Barcode Beats is a system that converts barcodes into music through an interpretation of the numbers on the barcodes.
It questions whether barcodes can contain musical qualities and be used as a media of sound and rhythm. It is intriguing to see everyday items, like milk, transform into sound. The user uses a standard barcode scanner to scan a barcode and hear what sounds are produced.
Users have the opportunity to scan multiple items, and create a composition of sounds. The sounds of each barcode is unique and contains among many things the information of rhythmical qualities and the type of sound.
Patterned by Nature was commissioned by the North Carolina Museum of Natural Sciences (naturalsciences.org) for the newly built Nature Research Center in Raleigh, North Carolina. The exhibit celebrates our abstraction of nature’s infinite complexity into patterns through the scientific process, and through our perceptions. It brings to light the similarity of patterns in our universe, across all scales of space and time.
10 feet wide and 90 feet in length, this sculptural ribbon winds through the five story atrium of the museum and is made of 3600 tiles of LCD glass. It runs on roughly 75 watts, less power than a laptop computer. Animations are created by independently varying the transparency of each piece of glass.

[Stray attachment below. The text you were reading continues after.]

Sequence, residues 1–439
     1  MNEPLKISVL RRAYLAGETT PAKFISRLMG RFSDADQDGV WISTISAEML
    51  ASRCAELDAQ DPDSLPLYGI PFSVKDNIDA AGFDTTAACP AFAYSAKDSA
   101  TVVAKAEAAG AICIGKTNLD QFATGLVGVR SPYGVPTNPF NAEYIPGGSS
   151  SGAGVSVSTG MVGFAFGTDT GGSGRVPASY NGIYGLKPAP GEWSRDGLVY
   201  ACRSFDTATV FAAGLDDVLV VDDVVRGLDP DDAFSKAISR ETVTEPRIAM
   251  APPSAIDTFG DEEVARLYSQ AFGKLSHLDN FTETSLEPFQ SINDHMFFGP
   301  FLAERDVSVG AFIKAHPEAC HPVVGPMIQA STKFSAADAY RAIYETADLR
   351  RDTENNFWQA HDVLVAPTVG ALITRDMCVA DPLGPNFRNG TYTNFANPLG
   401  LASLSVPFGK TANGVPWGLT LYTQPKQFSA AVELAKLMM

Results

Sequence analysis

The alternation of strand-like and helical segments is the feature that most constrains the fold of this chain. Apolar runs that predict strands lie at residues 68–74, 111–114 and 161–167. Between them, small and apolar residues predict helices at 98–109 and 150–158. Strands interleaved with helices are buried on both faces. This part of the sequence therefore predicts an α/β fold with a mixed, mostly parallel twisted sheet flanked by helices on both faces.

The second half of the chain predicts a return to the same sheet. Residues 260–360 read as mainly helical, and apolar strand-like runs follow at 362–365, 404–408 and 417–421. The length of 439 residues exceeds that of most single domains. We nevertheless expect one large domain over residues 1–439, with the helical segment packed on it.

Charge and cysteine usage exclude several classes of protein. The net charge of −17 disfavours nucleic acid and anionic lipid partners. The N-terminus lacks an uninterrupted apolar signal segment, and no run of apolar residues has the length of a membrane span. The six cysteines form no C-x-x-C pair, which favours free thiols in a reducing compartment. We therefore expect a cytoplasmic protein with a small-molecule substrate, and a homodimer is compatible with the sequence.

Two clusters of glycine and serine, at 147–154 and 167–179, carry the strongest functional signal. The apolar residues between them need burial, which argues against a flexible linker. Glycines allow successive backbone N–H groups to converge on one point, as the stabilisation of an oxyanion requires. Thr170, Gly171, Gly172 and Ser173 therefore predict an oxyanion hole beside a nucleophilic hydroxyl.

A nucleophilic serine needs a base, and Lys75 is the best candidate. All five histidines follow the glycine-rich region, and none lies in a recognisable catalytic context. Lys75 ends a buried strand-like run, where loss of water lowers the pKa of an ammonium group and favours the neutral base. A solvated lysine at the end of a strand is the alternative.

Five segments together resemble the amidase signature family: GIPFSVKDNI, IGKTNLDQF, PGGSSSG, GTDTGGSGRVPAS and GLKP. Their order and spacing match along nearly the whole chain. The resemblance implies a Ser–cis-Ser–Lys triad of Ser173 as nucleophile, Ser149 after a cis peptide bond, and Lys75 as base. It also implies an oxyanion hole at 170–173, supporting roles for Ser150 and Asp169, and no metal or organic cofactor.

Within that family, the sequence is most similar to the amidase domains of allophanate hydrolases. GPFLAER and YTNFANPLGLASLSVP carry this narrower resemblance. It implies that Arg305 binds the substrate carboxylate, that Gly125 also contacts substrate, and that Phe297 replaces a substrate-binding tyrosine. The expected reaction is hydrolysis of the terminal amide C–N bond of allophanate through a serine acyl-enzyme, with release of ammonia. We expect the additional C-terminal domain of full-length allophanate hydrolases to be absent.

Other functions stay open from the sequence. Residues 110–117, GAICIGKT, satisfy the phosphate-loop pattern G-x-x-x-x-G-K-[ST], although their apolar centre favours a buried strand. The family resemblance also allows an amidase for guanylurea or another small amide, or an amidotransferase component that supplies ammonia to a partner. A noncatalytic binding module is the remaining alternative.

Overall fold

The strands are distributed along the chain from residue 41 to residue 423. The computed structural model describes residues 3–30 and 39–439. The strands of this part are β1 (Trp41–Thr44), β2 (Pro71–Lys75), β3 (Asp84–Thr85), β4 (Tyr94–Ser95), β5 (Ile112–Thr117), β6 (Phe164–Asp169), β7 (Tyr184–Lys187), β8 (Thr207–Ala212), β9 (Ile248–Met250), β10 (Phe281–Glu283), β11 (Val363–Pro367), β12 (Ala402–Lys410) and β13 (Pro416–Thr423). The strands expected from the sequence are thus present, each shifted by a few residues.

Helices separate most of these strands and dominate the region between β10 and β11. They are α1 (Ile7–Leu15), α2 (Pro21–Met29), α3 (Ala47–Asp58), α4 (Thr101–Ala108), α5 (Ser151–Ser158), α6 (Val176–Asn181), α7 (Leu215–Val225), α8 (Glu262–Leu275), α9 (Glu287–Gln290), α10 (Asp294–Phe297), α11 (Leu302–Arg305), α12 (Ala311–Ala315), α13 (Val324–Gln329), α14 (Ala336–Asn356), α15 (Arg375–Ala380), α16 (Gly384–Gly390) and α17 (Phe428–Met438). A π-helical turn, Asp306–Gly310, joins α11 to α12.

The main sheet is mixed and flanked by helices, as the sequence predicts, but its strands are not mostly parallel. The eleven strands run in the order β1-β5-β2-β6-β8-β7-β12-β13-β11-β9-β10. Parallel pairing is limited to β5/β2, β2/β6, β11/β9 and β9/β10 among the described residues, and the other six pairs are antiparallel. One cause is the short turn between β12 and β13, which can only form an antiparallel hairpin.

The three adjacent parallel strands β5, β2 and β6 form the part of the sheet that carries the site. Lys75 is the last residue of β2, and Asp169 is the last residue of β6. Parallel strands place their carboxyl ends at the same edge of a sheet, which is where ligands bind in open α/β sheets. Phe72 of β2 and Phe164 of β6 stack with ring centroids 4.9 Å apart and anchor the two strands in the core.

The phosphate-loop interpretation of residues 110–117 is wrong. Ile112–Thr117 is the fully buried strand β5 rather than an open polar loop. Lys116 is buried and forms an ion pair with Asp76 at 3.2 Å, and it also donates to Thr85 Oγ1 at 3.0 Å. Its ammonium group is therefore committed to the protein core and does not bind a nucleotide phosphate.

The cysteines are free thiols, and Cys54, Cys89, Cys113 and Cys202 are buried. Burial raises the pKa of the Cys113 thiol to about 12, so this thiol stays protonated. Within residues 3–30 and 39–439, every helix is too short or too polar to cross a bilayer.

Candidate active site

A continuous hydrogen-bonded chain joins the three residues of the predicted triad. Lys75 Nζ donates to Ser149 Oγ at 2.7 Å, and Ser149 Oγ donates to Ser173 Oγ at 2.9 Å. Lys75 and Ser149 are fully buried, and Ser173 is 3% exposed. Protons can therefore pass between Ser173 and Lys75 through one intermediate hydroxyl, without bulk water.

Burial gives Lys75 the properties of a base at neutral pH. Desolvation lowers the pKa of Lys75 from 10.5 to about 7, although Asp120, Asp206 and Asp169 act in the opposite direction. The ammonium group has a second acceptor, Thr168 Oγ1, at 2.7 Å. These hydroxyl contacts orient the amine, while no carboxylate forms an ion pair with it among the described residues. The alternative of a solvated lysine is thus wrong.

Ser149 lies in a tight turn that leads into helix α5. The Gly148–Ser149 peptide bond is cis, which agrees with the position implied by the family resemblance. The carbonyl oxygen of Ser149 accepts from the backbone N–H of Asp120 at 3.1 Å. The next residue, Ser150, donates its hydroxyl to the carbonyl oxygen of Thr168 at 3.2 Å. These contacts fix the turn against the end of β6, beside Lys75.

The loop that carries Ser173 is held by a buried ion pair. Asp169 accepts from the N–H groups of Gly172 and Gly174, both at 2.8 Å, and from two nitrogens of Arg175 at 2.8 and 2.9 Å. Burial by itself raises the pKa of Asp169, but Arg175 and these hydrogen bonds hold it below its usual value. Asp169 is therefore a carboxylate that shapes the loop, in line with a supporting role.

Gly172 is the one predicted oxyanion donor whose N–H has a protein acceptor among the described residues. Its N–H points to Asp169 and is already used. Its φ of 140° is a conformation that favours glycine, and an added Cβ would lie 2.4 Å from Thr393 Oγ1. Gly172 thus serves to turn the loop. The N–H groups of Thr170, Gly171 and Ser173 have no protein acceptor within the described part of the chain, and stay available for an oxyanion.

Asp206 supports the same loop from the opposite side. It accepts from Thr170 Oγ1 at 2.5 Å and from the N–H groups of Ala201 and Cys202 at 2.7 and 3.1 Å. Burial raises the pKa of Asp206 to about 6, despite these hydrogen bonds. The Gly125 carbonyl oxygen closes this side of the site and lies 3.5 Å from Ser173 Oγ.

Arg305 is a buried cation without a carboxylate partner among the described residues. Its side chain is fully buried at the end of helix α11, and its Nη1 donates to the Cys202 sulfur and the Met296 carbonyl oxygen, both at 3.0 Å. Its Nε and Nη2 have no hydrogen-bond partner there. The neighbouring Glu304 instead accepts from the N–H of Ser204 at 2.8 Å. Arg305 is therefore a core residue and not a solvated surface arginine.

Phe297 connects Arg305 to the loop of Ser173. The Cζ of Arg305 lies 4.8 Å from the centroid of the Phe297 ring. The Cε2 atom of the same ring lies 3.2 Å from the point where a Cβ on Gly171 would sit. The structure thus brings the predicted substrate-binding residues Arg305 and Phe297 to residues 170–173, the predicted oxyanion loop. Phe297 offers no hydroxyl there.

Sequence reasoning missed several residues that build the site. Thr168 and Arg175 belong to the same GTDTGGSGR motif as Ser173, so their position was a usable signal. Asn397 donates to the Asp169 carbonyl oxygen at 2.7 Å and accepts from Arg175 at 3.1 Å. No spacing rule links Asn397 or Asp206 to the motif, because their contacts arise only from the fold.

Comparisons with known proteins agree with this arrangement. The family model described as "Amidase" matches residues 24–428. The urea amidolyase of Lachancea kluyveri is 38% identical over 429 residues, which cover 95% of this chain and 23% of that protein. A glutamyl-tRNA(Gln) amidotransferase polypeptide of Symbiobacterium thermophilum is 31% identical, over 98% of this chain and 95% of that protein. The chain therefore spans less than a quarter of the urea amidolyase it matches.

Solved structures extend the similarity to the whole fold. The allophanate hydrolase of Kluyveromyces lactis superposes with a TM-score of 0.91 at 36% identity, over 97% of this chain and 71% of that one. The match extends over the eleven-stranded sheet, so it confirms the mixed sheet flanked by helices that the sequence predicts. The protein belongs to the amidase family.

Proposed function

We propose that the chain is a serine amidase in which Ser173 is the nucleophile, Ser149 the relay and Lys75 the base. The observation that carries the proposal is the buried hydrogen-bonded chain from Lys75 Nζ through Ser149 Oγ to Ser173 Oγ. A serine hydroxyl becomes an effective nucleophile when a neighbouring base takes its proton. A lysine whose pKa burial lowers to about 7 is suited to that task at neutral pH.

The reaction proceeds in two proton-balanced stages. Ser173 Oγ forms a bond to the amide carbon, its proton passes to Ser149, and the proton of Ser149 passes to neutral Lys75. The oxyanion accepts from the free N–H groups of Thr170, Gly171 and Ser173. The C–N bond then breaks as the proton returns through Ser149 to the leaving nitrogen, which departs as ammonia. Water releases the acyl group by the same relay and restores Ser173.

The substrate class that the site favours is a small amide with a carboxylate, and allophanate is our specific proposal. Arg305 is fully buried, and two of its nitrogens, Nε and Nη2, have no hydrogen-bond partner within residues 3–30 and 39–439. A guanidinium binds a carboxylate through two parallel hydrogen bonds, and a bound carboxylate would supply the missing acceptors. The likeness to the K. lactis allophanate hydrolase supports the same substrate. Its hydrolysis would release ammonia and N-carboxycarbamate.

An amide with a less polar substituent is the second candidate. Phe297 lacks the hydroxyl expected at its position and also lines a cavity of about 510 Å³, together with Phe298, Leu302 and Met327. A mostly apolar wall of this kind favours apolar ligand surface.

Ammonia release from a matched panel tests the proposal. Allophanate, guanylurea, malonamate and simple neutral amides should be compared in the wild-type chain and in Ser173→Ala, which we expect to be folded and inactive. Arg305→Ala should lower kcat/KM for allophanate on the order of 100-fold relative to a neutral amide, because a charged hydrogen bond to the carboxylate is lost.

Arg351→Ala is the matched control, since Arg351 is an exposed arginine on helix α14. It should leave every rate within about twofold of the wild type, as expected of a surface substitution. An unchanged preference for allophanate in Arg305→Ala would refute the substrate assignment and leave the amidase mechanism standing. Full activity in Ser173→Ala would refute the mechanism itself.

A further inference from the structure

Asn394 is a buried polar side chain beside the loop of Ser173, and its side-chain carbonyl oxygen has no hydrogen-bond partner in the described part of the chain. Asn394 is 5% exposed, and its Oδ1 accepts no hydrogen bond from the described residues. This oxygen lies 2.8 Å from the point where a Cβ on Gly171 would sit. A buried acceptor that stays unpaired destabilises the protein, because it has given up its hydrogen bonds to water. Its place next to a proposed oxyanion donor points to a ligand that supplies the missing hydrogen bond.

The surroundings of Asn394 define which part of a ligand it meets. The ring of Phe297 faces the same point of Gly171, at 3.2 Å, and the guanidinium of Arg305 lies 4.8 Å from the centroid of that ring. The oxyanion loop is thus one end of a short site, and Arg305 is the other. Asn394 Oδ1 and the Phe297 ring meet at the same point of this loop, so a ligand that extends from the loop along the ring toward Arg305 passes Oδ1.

The content cycles through twenty programs, ranging from clouds to rain drops to colonies of bacteria to flocking birds to geese to cuttlefish skin to pulsating black holes. The animations were created through a combination of algorithmic software modeling of natural phenomena and compositing of actual footage.
An eight channel soundtrack accompanies the animations on the ribbon, giving visitors clues to the identity of the pixelated movements. In addition, two screens show high resolution imagery and text revealing the content on the ribbon at any moment.
The touch wave radio is an interactive audio installation that merges sound, sight, and touch to create an immersive and relaxing experience. Touching the water in either speaker well alters the sound of the installation, creating varied patterns on the water's surface while sending sonic vibrations through the hand of the observer. This process allows observers to experience sound with multiple senses simultaneously.